How to Get the Spark Back in a Relationship

After kids, relationships can fall prey to routine. Terri Orbuch, an Oakland County therapist aka The Love Doctor, offers tips and advice on how to get the spark back in a relationship.

Same schedule, different week. Granted: For two grownups running a family, so much thrives on expected patterns and handling challenges as a team. But man: When the most excitement you’re getting with your partner is scrambling to find a sitter when snow shuts down school, it’s a likely signal your marriage/relationship could benefit from a tweak or two.

Enter Dr. Terri Orbuch, a relationship therapist better known as The Love Doctor. These sorts of lulls are a specialty for this southeast Michigan expert. “I cover all sides and ends and kinds” of relationships, she says. For real: In addition to teaching sociology at Oakland University in Rochester Hills for years, Orbuch’s also been tracking the same 373 married couples for nearly three decades as part of a groundbreaking study funded by the National Institutes of Health. She’s authored six books on relationships, too.

It’s totally normal

The first question she gets from parents who are in a funk: “Is this normal?” The answer is a no-brainer: Yes. “All relationships go through these ebbs and flows.” The problem is when you stay parked in a “relationship rut,” as she calls it, for too long. “That’s when it begins to eat away at the relationship.”

And the second worry: Stress. You know – jobs, PTO, meals, volunteering, driving, exercising, groceries, eating healthy, laundry, sports, dance. Because parents are, naturally, supposed to do it all.

Looking to switch from autopilot to arousal? Orbuch shared five simple steps parents can take to reignite the thrill factor with your spouse or partner.

1. New activities: Try something different

“Passionate love or excitement is fueled – or is maintained by – doing new and novel things with your partner,” Orchbuh says. That starts to fade as you drop into routine. In fact, for the average couple, this happens within 12 to 18 months.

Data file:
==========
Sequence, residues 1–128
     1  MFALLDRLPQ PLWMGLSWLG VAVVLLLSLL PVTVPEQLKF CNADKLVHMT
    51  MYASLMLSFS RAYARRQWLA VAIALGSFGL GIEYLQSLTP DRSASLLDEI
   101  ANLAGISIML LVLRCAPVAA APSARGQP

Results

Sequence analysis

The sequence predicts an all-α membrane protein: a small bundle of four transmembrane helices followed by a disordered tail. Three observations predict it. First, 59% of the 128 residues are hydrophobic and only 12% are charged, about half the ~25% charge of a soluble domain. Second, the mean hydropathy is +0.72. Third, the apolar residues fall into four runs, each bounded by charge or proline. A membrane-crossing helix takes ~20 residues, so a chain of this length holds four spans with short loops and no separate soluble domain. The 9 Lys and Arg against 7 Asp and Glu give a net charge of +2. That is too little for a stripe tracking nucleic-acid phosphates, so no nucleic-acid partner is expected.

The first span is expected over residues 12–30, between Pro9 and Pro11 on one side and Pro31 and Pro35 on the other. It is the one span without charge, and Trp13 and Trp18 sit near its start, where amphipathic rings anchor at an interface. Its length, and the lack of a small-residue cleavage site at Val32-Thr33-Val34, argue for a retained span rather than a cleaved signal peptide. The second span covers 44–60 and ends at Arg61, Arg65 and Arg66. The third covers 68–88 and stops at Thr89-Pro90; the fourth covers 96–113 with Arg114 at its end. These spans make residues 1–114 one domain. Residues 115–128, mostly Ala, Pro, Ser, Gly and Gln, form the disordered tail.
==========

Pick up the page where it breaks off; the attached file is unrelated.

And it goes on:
So try something new! “What I mean is, anything that is not part of your normal routine,” explains Orbuch. That could be a different restaurant, activity, vacation spot – even something you two have never tried before, like dancing, a cooking class or paintball. How about glow-in-the-dark mini golf? Snowboarding? If you always go to the same haunts, try Milford. Or Ann Arbor. Switch it up. Anything unique and unexpected “will mirror the beginning your relationship.”

At first, “it’s a little frightening and a little scary,” she says, but it’s also “really cool and interesting and exciting.” Oh, and when it comes to stuff like Valentine’s Day, don’t get hung up on dates. Why not change that, if it works better for your schedule? Get out of your head a bit, too, Orbuch adds, and ask yourself, “What would my partner like to do?” The answer is the meaningful gift you can give.

2. Get away from it all

Try taking a mini vacation, just the two of you. Whether it’s a bed-and-breakfast up in Traverse City or just a local hotel down the road. Basically, anywhere where “you’re going to create memories.” Plus, leaving the roost spurs reconnection and conversation – and we’re not talking about who’s taking the kids or garbage out.

“Especially for women,” Orbuch says. “When they’re in their home or familiar surroundings, we tend to have lists in our heads.” The idea is to compartmentalize that – and relax. To ensure the mind-buzz doesn’t encroach on your escape, she adds: “It’s gonna take advance planning.” Coordinate who’s going to watch the kids, from grandparents or family members who live nearby to a trusted babysitter; maybe even work out a “kid swap” with close friends, where they’ll watch your kids this time, and you’ll return the favor (sleepover!). Give yourself ample travel time, too. “Two days and one night” is the ideal formula, Orbuch says.

Don’t fret about packing an agenda, though. The goal is to pay attention. Taking a partner for granted is a somewhat natural pitfall; this is your chance to “get to know them again,” Orbuch says. Ask questions. What’s stressing you out? Are you enjoying your work? What would you be if you wanted to do something else? “Taking time away from it all allows you to reconnect.”